How is it that an intellectual, poet and psychiatrist like Karadzic could do such a thing? It took me time to understand that this is the wrong question. It is wrong because it takes for granted that people like this–the educated ones, the sophisticated ones, the artists, for God’s sake–should know better. Don’t they have higher moral standards that ordinary people? The answer is no.
I’ve seen it myself while working on my 2005 book, They Would Not Hurt a Fly, about war criminals on trial in The Hague. War criminals come from all social strata, from all kind of backgrounds. They are academics, writers or mechanics; waiters, bank clerks, peasants. One is tempted to call war criminals like Radovan Karadzic, Ratko Mladic or Slobodan Milosevic “monsters,” because this is the easiest way out of the terrible thought that we, too, might be capable of committing or ordering atrocities. But there are no monsters. Ordinary people–poets, presidents and mailmen–have the capacity to do both good and evil. We have a choice. Radovan Karadzic chose power, and to possess power in a time of war comes with a high price, which he is now about to pay.
Looking at BBC video clips accompanying Karadzic’s arrest, I again saw faces of Franjo Tudjman, Alija Izetbegovic, Slobodan Milosevic, Zeljko Raznatovic (a k a Arkan.) They are all dead now, yet it seems only yesterday that they were deciding our destiny. The younger generation in Serbia, kids born in, say, 1990, might not even know who these warlords were. With Karadzic’s arrest, they have a chance to learn that part of their history.
One of the most problematic facts about the thirteen years after the Dayton Agreement is that Serbia–along with Croatia, Bosnia and Kosovo–was the least capable of confronting its role in the wars in the Balkans. And Serbs continue to live in denial. They claim that they, themselves, were victims. Indeed, they were victims of Milosevic’s politics of nationalism and war, victims of US bombardment in 1999. However, this does not absolve them from voting three times for Milosevic, from cheering Serbian tanks, for supporting Vojislav Seselj’s fascist party, for turning their backs to Europe and the world.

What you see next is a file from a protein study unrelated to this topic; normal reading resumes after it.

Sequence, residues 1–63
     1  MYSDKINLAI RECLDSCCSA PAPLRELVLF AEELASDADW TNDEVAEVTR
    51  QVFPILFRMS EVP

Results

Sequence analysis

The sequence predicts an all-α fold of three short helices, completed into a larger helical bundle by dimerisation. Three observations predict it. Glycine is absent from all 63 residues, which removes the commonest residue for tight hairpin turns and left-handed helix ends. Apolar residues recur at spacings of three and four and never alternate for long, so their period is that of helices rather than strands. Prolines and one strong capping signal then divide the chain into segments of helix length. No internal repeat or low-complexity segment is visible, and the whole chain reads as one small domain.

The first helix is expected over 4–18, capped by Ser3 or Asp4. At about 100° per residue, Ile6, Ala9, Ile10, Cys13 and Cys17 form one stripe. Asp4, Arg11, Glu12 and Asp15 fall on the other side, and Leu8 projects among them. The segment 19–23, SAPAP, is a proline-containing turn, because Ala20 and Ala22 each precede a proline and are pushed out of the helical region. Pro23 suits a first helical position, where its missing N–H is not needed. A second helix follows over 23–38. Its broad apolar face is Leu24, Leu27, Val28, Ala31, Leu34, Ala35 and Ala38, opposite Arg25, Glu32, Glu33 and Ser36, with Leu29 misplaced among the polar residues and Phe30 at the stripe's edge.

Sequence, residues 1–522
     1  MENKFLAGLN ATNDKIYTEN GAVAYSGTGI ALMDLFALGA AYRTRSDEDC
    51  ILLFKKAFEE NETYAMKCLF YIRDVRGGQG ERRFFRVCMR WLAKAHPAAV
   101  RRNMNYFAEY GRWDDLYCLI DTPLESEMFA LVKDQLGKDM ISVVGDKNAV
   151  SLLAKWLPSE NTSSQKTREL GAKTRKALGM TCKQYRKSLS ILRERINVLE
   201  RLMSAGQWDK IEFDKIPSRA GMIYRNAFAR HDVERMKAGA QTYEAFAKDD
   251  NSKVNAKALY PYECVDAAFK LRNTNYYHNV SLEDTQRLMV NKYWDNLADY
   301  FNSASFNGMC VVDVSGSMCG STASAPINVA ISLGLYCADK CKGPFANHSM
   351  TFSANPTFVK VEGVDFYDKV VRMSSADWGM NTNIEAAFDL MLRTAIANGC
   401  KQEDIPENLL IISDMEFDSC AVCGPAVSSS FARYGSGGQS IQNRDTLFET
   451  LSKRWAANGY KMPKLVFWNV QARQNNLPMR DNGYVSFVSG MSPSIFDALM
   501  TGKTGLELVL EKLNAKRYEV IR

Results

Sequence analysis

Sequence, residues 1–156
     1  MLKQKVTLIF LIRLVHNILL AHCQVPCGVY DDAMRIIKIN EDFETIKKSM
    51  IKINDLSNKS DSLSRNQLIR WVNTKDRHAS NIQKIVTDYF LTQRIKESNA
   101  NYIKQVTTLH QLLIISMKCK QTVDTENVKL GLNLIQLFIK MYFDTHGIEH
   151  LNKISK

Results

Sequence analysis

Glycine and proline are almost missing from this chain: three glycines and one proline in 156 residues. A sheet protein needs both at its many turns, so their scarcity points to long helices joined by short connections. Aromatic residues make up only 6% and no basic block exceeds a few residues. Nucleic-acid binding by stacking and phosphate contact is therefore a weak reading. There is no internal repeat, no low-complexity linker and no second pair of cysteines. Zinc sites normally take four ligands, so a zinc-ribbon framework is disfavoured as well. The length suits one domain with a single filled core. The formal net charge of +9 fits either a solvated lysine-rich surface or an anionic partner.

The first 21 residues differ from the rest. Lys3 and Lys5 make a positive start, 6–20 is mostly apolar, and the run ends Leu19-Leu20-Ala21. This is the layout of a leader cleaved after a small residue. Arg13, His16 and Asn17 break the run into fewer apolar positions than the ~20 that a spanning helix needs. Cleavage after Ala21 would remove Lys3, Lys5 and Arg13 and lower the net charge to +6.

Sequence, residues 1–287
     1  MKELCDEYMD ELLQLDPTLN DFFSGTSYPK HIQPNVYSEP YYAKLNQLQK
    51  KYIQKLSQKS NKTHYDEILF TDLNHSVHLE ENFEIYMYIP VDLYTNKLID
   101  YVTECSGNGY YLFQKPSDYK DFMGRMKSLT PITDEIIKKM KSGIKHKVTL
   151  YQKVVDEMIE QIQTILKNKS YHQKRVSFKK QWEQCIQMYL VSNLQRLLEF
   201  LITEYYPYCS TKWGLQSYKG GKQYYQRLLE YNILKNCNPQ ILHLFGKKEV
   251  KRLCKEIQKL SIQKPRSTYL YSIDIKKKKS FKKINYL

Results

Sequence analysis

The fact that Karadzic has finally been captured in Serbia is a chance for them to turn the new–though not altogether blank–page. There will be euphoria abroad and Serbia’s new government will be hailed as brave. But it is up to Serbian citizens (and, nota bene, the citizen of Republika Srpska, whose president he was and whose citizen he still is) to see this as a chance for themselves, too. The must look into their own lives and their own contributions to the poisonous politics of the last twenty years.
Perhaps the most important effect of this belated arrest is another one: Karadzic’s trial will contribute to the truth about war. Regardless of political controversies about the International Criminal Tribunal for the Former Yugoslavia, in every trial a piece of truth becomes evident. What people in Belgrade and in Zagreb and in Sarajevo as well as in Pristina need most is truth. Without truth, there is no justice; and in the case of these wars, without justice, there is no truth.